A Thousand Splendid Suns 

Written in 2007 by author Khaled Hossieni, this book follows the lives of two women, Mariam, and Laila, from the 1960s to the early 2000s. Mariam was born in the 1960s in a village on the outskirts of Herat, where she lives an isolated life with her mother until she is married off to a shoemaker in Kabul. Laila grows up in Kabul near where Mariam then lived. This book explores themes like belonging, identity, shame/reputation, and gender roles in Afghanistan from the Soviet invasion to the Taliban rule up until a few years post-Taliban.  

What I particularly liked about the book was how authentic the characters were: they acted in ways real people would and this made them easier to sympathise with. Moreover, since the author described both the childhoods of Laila and Mariam, the discrepancy between their behaviours was explained. Furthermore, the characters were complicated and contradictory and not just simply one dimensional, so this kept the reader engaged in their lives. Another thing I liked was how the events taking place in the book linked to each other. For example, Mariam’s husband had told her to always wear the burka outside and so whenever Laila saw her outside when she was younger, she always saw that Mariam was wearing a burka.  

I found that the scenes describing Mariam’s childhood were written particularly well. They displayed the sort of innocence that is typical of children and I found Mariam’s transition into maturity and adulthood especially touching. The way that Nana (Mariam’s mother) is portrayed through the book is quite intriguing and it perfectly mirrors the way that children would look at and look back at their parents through their lives.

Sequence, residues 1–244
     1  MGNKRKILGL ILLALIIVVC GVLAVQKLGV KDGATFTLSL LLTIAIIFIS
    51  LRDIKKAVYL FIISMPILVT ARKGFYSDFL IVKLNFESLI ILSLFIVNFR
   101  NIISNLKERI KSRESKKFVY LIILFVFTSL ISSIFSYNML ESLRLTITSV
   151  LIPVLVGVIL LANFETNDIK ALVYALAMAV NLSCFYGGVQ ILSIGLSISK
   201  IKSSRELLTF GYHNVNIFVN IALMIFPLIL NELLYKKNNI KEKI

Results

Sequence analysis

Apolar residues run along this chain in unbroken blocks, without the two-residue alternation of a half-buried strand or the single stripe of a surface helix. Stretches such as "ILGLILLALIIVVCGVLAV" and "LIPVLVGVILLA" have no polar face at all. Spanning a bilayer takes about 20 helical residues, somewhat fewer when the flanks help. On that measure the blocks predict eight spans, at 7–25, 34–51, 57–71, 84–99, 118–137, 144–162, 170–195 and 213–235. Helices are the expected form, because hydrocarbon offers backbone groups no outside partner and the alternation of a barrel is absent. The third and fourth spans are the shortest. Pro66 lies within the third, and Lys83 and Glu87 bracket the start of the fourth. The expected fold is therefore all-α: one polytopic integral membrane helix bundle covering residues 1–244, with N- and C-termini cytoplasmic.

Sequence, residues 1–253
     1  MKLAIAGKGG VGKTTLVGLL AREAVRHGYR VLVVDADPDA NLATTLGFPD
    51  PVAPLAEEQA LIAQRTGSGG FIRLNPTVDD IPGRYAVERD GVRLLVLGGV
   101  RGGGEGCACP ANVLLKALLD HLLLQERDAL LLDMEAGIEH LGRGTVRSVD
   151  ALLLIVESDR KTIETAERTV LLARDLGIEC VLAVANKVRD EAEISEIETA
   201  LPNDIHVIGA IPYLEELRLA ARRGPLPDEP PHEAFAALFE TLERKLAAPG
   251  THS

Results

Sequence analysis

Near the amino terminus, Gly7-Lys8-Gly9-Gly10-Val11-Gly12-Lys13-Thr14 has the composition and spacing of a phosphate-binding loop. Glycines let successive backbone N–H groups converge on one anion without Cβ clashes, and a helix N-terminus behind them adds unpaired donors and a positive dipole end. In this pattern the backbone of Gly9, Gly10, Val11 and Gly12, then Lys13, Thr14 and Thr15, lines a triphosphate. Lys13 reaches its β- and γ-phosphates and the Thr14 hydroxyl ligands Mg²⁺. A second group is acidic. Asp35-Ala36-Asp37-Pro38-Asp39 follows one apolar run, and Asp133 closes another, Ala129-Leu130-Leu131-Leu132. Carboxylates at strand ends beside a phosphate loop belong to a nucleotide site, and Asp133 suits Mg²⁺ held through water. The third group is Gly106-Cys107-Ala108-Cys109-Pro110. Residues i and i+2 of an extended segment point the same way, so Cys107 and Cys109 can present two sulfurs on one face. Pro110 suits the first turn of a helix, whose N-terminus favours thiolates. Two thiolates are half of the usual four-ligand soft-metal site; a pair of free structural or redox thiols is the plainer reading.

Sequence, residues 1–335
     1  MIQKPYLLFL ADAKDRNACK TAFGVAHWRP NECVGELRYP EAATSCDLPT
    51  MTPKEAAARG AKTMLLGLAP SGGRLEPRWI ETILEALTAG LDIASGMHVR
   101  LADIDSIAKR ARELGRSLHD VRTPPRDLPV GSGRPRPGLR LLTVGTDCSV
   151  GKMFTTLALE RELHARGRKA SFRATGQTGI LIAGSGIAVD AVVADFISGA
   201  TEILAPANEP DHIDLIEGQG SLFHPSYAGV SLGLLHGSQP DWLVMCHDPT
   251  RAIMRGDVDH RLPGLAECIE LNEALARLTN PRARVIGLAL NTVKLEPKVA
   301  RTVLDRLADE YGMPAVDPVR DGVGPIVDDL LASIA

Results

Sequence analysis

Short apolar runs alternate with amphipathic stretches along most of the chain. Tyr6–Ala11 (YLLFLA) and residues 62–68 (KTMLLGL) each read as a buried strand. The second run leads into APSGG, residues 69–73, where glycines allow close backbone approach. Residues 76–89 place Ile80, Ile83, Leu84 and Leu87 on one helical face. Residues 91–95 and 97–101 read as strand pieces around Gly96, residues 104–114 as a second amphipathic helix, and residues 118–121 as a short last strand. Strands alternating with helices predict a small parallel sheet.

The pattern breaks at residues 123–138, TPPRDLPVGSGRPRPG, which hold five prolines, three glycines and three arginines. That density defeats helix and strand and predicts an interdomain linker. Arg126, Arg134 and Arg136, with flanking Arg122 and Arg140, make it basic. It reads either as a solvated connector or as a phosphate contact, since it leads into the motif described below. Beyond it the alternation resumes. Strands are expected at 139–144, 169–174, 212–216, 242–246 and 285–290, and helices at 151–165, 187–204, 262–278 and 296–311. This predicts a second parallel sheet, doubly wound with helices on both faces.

The book tackled a lot of difficult subjects, and it did so in a way that did not feel tacky; sometimes, when authors write about issues like domestic violence and rape, it feels grossly sexualised and, in my opinion, Khaled Hossieni did an excellent job of exploring these serious issues without romanticising them. One thing that I’m torn about is Mariam’s ending. I really wanted her to get a happy ending, especially since her childhood and adolescent years seemed so depressing but then again, this made her willingness to sacrifice her chance at happiness for Laila more touching. On the one hand, it seems like her getting a happy ending would feel insincere but on the other hand, she deserved to be happy. 

I also think that the book could have focused more on the themes of shame and reputation. On the first few pages, it felt like this would be a significant theme along the course of the novel, but it was not really explored in much detail.  

In conclusion, I thought this book was excellent and I would recommend it to readers over 13. I would give it 4.5/5 stars.